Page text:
Anyways back to the embroidery.
If you rub against the cotton too much while you work on your project it tends to get a little fuzzy and loses its shine. Wool doesn't do that. It's already fuzzy to begin with. Which is why the wool looks matte, while the cotton is shinier.
The loose fibers scatter the light. I've read many, many authors refer to this effect as the wools absorbing the light while cotton reflects it, but that simply isn't true. The amount of light absorbed determines the color, but the shininess depends on the how many directions the light is scattered by the surface of the material.
The wool has a bumpy surface, so it scatters the light in many directions. It has very little shine. Ok, enough of the physics lesson. Time for the little sheep - which are always a favorite subject for embroidery!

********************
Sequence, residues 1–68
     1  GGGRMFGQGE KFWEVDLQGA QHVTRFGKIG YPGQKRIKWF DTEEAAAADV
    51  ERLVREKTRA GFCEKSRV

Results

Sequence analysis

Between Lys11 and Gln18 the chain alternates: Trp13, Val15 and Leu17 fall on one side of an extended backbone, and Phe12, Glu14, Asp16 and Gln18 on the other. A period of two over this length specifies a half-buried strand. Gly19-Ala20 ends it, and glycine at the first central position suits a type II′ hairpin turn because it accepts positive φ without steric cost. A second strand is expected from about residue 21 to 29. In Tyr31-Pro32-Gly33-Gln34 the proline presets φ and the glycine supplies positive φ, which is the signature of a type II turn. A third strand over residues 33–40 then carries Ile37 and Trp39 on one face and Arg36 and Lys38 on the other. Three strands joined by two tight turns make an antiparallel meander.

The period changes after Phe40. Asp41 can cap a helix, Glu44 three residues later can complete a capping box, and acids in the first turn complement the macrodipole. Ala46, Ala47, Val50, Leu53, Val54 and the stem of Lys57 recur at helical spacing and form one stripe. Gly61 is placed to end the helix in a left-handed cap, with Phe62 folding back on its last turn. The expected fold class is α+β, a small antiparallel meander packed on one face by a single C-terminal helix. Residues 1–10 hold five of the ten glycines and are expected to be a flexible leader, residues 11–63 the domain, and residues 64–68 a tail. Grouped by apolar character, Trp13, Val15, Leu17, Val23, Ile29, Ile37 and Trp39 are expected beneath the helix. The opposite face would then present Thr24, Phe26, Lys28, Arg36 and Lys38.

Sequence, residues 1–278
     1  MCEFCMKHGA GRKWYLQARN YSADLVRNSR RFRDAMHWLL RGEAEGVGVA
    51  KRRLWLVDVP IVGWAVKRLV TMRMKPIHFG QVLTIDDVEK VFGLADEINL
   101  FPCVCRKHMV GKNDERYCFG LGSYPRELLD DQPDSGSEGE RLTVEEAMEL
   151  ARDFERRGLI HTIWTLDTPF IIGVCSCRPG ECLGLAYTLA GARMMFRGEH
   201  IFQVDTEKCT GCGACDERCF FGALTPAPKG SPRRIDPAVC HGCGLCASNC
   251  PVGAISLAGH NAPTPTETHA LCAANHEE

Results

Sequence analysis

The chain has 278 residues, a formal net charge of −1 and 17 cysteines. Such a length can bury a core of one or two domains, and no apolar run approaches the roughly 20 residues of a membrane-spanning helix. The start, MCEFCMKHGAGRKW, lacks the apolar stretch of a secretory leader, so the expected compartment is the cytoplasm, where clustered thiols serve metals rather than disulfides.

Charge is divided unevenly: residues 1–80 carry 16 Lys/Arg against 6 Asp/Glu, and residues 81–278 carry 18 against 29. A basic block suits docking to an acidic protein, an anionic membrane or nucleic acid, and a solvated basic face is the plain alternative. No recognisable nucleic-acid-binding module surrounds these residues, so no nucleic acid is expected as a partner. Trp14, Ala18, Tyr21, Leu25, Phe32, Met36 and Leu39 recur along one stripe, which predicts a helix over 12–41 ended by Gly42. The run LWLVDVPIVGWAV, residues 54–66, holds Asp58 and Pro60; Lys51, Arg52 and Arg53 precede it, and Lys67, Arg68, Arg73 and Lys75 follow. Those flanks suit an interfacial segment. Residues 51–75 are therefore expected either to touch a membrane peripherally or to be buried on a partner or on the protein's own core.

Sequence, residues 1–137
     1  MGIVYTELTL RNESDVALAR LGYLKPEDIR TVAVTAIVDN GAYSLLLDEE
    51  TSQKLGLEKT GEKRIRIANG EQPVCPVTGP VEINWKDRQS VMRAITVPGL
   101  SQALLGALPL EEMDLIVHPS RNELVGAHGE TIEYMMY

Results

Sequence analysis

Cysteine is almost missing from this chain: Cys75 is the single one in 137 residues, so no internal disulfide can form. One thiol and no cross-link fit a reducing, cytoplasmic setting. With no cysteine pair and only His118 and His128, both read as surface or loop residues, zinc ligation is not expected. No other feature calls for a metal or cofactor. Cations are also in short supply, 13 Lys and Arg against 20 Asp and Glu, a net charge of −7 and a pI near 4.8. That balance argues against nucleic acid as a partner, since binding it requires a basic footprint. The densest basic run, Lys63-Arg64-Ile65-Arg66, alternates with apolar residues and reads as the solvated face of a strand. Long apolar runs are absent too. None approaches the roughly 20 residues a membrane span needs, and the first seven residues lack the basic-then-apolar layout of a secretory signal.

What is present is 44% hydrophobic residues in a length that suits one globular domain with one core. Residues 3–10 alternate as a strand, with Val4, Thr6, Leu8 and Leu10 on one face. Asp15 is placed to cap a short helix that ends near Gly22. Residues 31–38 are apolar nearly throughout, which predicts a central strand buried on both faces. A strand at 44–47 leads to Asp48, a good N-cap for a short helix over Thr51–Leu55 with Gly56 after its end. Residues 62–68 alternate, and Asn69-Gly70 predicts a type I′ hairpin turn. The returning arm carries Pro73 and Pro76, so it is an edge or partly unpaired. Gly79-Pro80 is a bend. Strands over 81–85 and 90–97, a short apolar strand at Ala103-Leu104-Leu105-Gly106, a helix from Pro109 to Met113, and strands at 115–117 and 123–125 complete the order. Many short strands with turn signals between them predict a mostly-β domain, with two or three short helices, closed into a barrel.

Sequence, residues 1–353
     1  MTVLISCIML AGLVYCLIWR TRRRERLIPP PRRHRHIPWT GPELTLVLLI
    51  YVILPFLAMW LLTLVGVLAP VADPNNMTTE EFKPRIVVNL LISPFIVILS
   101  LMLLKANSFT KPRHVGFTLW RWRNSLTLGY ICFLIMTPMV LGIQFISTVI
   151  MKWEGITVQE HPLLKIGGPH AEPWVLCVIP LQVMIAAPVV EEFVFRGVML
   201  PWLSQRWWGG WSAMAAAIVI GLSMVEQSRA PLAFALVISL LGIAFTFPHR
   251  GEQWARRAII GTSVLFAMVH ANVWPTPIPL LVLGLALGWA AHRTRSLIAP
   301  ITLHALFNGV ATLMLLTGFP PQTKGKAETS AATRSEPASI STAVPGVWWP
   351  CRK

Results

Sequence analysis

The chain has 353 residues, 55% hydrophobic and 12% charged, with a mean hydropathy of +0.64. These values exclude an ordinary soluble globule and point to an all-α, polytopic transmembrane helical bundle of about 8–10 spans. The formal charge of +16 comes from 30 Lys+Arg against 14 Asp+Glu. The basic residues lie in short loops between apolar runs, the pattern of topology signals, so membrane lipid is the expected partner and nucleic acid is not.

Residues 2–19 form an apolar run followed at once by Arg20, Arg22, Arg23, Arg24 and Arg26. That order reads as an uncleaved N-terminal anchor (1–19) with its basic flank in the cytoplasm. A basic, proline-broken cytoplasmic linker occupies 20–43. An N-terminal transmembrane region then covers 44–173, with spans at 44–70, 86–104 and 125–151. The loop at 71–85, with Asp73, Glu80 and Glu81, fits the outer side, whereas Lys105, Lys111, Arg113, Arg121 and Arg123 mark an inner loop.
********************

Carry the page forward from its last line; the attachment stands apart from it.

I used fairly simple stitches on this one on purpose, since these crewel projects have been generating inquiries from beginners. If I succeed in bringing a few new converts to embroidery, then I will have made one of my larger goals. And by the way, my other goal with the crewel, if I can manage, is to try to show that crewel embroidery is not defined by the patterns! They can be fun, modern and playful or whatever else you want to make them. I am planning on revisiting a few of the patterns I already have made with crewel and see what can be done with them.
I already have the next project in mind, so I hope to be able to get started on it very soon! I am actually going to make an embroidery with a use in mind. It's going to be a cover for a little foot-stool we picked up at a flea market. And yes, it will be with wool again!